30. 30. 7/3/2013VSR 31 Q.1.A fair die is thrown, what is the probability that either an odd number or a number greater than 4 will up. (K.U) Let S be the sample space throwing of the die S = {1, 2, 3, 4, 5, 6}. i.e., n(S) = 6 Let A be the event of getting an odd number B be the number greater than 4 . A = {1, 3, 5} ; B = {5, 6} ; also A B = {5} n(A) = 3; n(B) = 2 ; n(A B) = 1 6 1 )( )( )( 3 1 6 2 )( )( )( 2 1 6 3 )( )( )( Sn BAn BAP Sn Bn BP Bn An AP )()()()( BAPBPAPBAP 3 2 6 123 6 1 3 1 2 1 The required probability = 2/3.
31. 31. 7/3/2013VSR 32 Q.2. A man is known to speak truth 3 out of 4 times. He throws a die and reports that it is a 6. Find the probability that it is actually 6. (AICBSE) Let A be the man report that it is a 6. Let E1 be the event “6 has occurred” and E2 be that “6 has not occurred” P(E1 ) = 1/6; P(E1 ) = 1–P(E1 ) = 1–1/6 = 5/6 also P(A/ E1 ) = ¾ . [ i.e., speak 3 out of 4] P(A/ E2 ) = 1-P(A/ E1 ) = 1-3/4 = ¼
32. 32. 7/3/2013VSR 33 )/().()/().( )/().( )/( 2211 11 1 EAPEPEAPEP EAPEP AEP Formulae 8 3 8 24 8 1 24 8 8 1 25 5 8 1 8 1 4 1 . 6 5 4 3 . 6 1 4 3 . 6 1
33. 33. 7/3/2013VSR 34 Q3. An insurance company insured 2000 Scooter drivers, 3000 Car drivers and 4000 Truck drivers. The probabilities of their meeting with an accident respectively 0.04, 0.06 and 0.15. One of the insured persons meets with an accident, find the probability that he is a Car driver. (AICBSE) Let E1 , E2 , E3 , be the Scooter, Car and Truck drivers respectively. Let A be person that meets with an accident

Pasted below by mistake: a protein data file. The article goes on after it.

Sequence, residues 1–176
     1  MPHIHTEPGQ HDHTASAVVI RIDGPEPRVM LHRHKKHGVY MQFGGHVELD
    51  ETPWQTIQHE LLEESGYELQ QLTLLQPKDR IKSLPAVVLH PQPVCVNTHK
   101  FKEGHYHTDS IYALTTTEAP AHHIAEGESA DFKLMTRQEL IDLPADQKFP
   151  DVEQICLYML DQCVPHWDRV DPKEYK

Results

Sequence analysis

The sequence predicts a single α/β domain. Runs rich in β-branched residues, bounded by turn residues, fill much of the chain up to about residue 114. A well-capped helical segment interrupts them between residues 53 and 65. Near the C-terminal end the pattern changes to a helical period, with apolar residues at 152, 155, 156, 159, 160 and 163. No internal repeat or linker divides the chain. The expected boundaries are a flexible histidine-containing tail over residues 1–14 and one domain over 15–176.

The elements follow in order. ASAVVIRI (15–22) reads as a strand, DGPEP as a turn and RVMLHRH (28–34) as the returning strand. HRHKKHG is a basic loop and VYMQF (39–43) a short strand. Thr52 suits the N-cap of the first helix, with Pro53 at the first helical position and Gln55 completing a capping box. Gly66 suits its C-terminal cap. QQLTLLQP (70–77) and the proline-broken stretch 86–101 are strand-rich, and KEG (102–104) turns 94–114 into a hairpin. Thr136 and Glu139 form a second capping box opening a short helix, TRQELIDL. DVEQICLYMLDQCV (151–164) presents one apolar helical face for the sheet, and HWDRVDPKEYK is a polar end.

34. 34. 7/3/2013VSR 35 9 4 400030002000 4000 )( 9 3 400030002000 3000 )( 3 2 400030002000 2000 )( 3 2 1 EP EP EP 100 15 15.0)/( ; 100 6 06.0)/(; 100 4 04.0)/( 3 21 EAP EAPEAP
35. 35. 7/3/2013VSR 36 Required probability ) 3 /(). 3 () 2 /(). 2 () 1 /(). 1 ( ) 2 /(). 2 ( )/ 2 ( EAPEPEAPEPEAPEP EAPEP AEP 43 9 60188 18 100 15 . 9 4 100 6 . 9 3 100 4 . 9 2 100 6 . 9 3
36. 36. 7/3/2013VSR 37 Q.4. Gowrave and Sowrave appear for an interview for two vacancies. The probability of Gowrave’s selection is 1/3 and that of Sowrave’s selection is 1/5. Find the probability that only one of them is selected. (CBSE) Let A be Gowrave’s selection B be the Sowrave’s selection. P(A) = 1/3 ; P(B) = 1/5. )( AP Probability that Gowrave not selected = 1 – P(A) = 1 – 1/3 = 2/3.
37. 37. 7/3/2013VSR 38 )(BP Probability that Sowrave not selected = 1 – P(B) = 1 – 1/5 = 4/5 Probability that only one of them is selected 5 2 15 2 15 4 5 1 . 3 2 5 4 . 3 1 )().()().( BPAPBPAP
38. 38. 7/3/2013VSR 39 Q.5. In a factory which manufactures bolts, machines A, B and C manufacture respectively 25%, 35% and 40% of the bolts of their output 5, 4 and 2 percent are respectively defective bolts. A bolt is drawn at random from the total production and if found to be defective. Find the probability that it is manufactured by the machine B. (CBSE) Let E1 , E2 and E3 be the events of manufacturing the bolt by machine A, B and C respective.
39. 39. 7/3/2013VSR 40 Let A be the event that bolt drawn is defective 100 2 )/(; 100 4 )/(; 100 5 )/(.,. 321 EAPEAPEAPei Required probability 69 28 345 140 100 40 . 100 2 . 100 35 . 100 4 100 25 . 100 5 100 35 100 4 )()./()()./()()./( )()./( )/( 332211 22 2 EPEAPEPEAPEPEAP EPEAP AEP
40. 40. 7/3/2013VSR 41 Q.6. A four digit number is formed using the digits 1, 2, 3, 5 with no repetitions. Find the probability that the number is divisible by 5 . (CBSE) Number of favourable cases m = four digit numbers, which are divisible by 5 = 6. The no. of exhaustive cases n = 4C4 = 4! =24. Required probability = m/n = 6/24 = ¼
41. 41. 7/3/2013VSR 42 Q.7. A lot contains 50 defective and 50 non- defective bulbs. Two bulbs are drawn at random, one by one, with replacement. The events A, B and C are defined as the first bulbs is defective, the second bulbs is non- defective, the two bulbs are both defective or non-defective, respectively. Determine whether A, B and C are pair wise independent. Sample space S = {DD, DN, ND, NN} . Where D = Defective bulb and N = Non-defective bulb